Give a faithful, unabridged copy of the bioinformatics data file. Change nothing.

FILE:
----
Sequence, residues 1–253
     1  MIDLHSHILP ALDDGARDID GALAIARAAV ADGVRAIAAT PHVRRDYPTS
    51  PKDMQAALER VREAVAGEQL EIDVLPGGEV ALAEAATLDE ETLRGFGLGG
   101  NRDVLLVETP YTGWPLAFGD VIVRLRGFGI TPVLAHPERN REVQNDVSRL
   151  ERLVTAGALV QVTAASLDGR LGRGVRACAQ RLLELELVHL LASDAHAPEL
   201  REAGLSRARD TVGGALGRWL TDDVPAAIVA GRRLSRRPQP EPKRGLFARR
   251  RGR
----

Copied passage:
Sequence, residues 1–253
     1  MIDLHSHILP ALDDGARDID GALAIARAAV ADGVRAIAAT PHVRRDYPTS
    51  PKDMQAALER VREAVAGEQL EIDVLPGGEV ALAEAATLDE ETLRGFGLGG
   101  NRDVLLVETP YTGWPLAFGD VIVRLRGFGI TPVLAHPERN REVQNDVSRL
   151  ERLVTAGALV QVTAASLDGR LGRGVRACAQ RLLELELVHL LASDAHAPEL
   201  REAGLSRARD TVGGALGRWL TDDVPAAIVA GRRLSRRPQP EPKRGLFARR
   251  RGR